Book Reviews

Review: Carrie Soto is Back by Taylor Jenkins Reid

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I’m so caught up in Queen Elizabeth’s death that I forgot to post this earlier today.

My Interest

I’ve enjoyed previous books by this author–especially Daisy Jones and the Six, so when I heard this one was coming out, I knew I’d read or listen to it. Tennis is fine–I’m not a huge sports fan, but I was a little worried about how I’d do with that part of the story.

The Story

“We live in a world where exceptional women have to sit around waiting for mediocre men.”

“One of the great injustices of this rigged world we live in is that women are considered to be depleting with age and men are somehow deepening.”

“Luckily, I did not need to be pretty. My body was built to wage war.”

Carrie Soto, daughter of a South American tennis champion turned club pro, is raised on the public tennis courts. Her father, Xavier, brings her up to love the game and to play it at the highest levels. The hard work pays off–she is the GOAT–the “greatest of all time” in tennis. She leaves the game. Now she’s attempting a comeback–at almost age 40 she is competing against another generation of would be-GOATS, some of whom have changed the game–just as she did in her day. Can she do it? Meanwhile, men’s champion Bowe Huntley, is also attempting a come-back. He and Carrie were briefly an “item” in the tabloids years ago. Can the “battle axe” (as the press dubbed Carrie) and Bowe make it back to the top of their game?

My Thoughts

Taylor Jenkins Reid delivers in this book. While I DID, sadly, find some of the description of the matches Carrie plays to be tedious, the author’s command of her characters kept me interested overall. I loved Xavier–a good man, a good father, a brilliant coach. Who wouldn’t win with him at the helm of a career? Bowe, too, came across as likeable even if he was portrayed as a lot like John McEnroe. Unfortunately, I never really warmed up to Carrie herself. I admired her determination. I liked that she respected her father in s….[No Spoilers]. But she was not very likeable.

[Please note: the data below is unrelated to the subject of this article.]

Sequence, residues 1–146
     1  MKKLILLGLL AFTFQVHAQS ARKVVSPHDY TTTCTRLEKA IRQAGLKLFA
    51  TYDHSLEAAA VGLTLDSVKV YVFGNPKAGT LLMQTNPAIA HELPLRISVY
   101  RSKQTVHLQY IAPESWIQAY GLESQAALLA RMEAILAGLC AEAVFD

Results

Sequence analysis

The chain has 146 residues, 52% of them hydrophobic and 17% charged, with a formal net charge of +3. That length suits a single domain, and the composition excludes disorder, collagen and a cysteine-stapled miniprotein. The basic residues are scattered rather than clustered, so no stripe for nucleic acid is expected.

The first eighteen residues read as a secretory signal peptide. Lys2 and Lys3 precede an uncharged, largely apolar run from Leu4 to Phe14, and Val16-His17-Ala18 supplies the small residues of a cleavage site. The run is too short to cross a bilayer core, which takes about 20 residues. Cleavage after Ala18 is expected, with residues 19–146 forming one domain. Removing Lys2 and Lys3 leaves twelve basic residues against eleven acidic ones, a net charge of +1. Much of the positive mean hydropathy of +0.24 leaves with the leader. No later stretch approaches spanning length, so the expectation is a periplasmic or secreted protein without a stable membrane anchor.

That this book was mostly set in an era when I was aware of tennis helped. I thought of McEnroe throwing his tantrums, the young phenom Tracey Austin with the two-handed backhand, Chris Evert, Billie Jean King, and so many others.  I loved the tongue-in-cheek reference to another of the author’s books worked in as Carrie’s reading material! I love things like that. I loved what Xavier and Bowe did.

Whether or not you are a tennis fan, this is a good novel–very compelling. I already wonder who will play Carrie in the movie that is sure to come of it.

And, how fun that Patrick McEnroe was one of the performers on the audio version?!

Note: “The perfect creases” in her tennis skirt? I think the word Reid was searching for was “pleats.” Odd.

My Verdict

4 Stars

 

Carrie Soto is Back: A Novel by Taylor Jenkins Reid

My Review of Other Books by Taylor Jenkins Reid

Malibu Rising

Daisy Jones and the Six

12 thoughts on “Review: Carrie Soto is Back by Taylor Jenkins Reid

  1. I loved Daisy Jones but haven’t gotten around to reading any of Reid’s other books. This sounds like a good one. I’m not a tennis player but I grew up in the era of all the players you mentioned. Thanks for your review!

    Liked by 1 person

  2. Yes, you can’t really fall in love with Carrie. You can admire her, and in the end you do get to like her a bit, but there are things about her that just aren’t lovable, and that is the main reason why it also didn’t get 5/5 stars from me. (The tennis descriptions didn’t bother me, as much as they seemed to have bothered you.)

    Liked by 1 person

  3. I’ll probably give this one a miss. I enjoyed Daisy but Malibu not so much (felt like Reid was following a formula and applying different themes – music/ acting and surfing/ tennis).

    Perfect creases 😂

    Liked by 1 person

  4. I’ve never played tennis and could never understand the scoring process. However, I have great admiration for those who excel at it. I just don’t know if I want to read this novel even after reading your great review. I read Malibu Rising and my problem with it was the subject matter: wealth, adultery, family relationships, drugs, destruction of others’ property, and I guess I could go on and on. Just got tired of it all. I’m not saying it wasn’t well -written, it was the subject matter. It’s the only novel by Reid that I’ve read so maybe I should give her another chance.

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